(Reuters Health) – Children undergoing adenotonsillectomy may experience less pain and agitation upon awakening when they receive intraoperative auditory stimulation, an Italian trial suggests.
Researchers randomized 104 children undergoing adenotonsillectomy at one tertiary care pediatric referral center to one of four groups: auditory stimulation with music, auditory stimulation with noise, ambient noise insulation with masking ear plugs, or a control group with no intervention. The primary endpoint was a difference of at least a 1-point in pain on awakening (scale 1-10); a 2-point difference on the Pediatric Anesthesia Emergence Delirium 20-point scale was a secondary endpoint.
All three auditory interventions resulted in less pain and agitation than the control condition, although the effect sizes varied. Music, for example, had a large effect size on pain (0.63) and a medium effect size on agitation (0.47). Intraoperative noise had a medium effect size on pain (0.47) and a large effect size on agitation (0.63), while earplugs had a small effect size on both outcomes.
“When we designed the study, we set the threshold of a meaningful decrease of pain and agitation at 10% in the auditory stimulation group compared to controls, because we expected a small effect size,” said lead study author Dr. Enrico Muzzi, of the department of Otorhinolaryngology and Audiology at the Institute for Maternal and Child Health, IRCCS Burlo Garofolo in Trieste, Italy.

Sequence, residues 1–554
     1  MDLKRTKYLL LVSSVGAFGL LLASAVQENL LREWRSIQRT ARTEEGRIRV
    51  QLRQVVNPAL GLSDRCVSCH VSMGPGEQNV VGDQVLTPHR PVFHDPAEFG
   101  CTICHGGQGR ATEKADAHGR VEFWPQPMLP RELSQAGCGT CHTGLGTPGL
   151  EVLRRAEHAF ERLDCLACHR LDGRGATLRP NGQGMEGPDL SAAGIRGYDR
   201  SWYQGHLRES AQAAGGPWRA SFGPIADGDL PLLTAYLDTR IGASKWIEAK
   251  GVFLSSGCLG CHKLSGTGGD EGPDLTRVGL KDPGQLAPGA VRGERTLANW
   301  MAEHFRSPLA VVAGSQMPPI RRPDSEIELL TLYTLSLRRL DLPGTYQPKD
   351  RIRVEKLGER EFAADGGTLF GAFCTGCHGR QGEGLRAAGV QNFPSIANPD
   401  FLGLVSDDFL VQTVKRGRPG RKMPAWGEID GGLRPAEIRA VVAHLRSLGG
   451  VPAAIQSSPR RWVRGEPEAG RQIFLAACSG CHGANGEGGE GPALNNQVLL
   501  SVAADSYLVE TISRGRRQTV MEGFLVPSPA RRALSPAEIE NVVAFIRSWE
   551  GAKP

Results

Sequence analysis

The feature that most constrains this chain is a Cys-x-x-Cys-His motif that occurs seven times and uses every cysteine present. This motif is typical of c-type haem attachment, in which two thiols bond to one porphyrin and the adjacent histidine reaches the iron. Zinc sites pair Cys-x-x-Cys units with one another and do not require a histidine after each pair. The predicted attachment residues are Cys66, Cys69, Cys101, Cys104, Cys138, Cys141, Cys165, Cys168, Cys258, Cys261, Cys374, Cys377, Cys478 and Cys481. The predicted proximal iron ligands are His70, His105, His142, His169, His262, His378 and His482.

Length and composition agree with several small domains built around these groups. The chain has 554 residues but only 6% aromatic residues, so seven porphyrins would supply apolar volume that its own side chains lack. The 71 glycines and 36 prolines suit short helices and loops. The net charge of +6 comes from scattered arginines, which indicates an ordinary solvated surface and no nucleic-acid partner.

“Now we are really amazed by the outcomes of our study, which demonstrates a dramatic impact of intraoperative auditory stimulation, up to about 70% on pain reduction and 50% on agitation reduction upon awakening,” Dr. Muzzi said by email.
The findings also suggest that auditory stimulation with music such as the classical harmony with broad frequency spectrum and variable loudness and rhythm used in the study, may be more effective for pain, Dr. Muzzi noted. At the same time, the auditory stimulation with heartbeat noises at a low frequency and fixed rhythm that were used in the study appear more successful at reducing agitation on awakening.
One limitation of the study is the subjectivity of pain scales, researchers note in JAMA Otolaryngology-Head & Neck Surgery. Participants in the trial also had normal hearing, and results may not be generalizable to patients with hearing impairments who may receive insufficient auditory stimulation at the decibels used in the study.
Even so, the results suggest that music and noise may be one way to reduce anxiety and stress related to the surgical procedure, said Dr. Luana Colloca, an associate professor at the University of Maryland School of Nursing in Baltimore who wasn’t involved in the study.
“These findings suggest that pain is a multisensorial experience that needs to be treated at multiple levels, not just pain intensity,” Dr. Colloca said by email.
Intraoperative auditory stimulation can be easily introduced into clinical practice, provided that the stimulation levels are verified by an audiologist or trained clinician, Dr. Muzzi said. This expertise is required to ensure that overstimulation doesn’t damage the ear, and also that understimulation doesn’t make the auditory intervention ineffective, Dr. Muzzi said.
“We are now working on how to improve auditory stimulation parameters, and we have planned to confirm our results on a larger population, including other surgical procedures, and possibly all pediatric patients undergoing general anesthesia,” Dr. Muzzi added.
SOURCE: https://bit.ly/3itruhm JAMA Otolaryngology-Head & Neck Surgery, online May 20, 2021.
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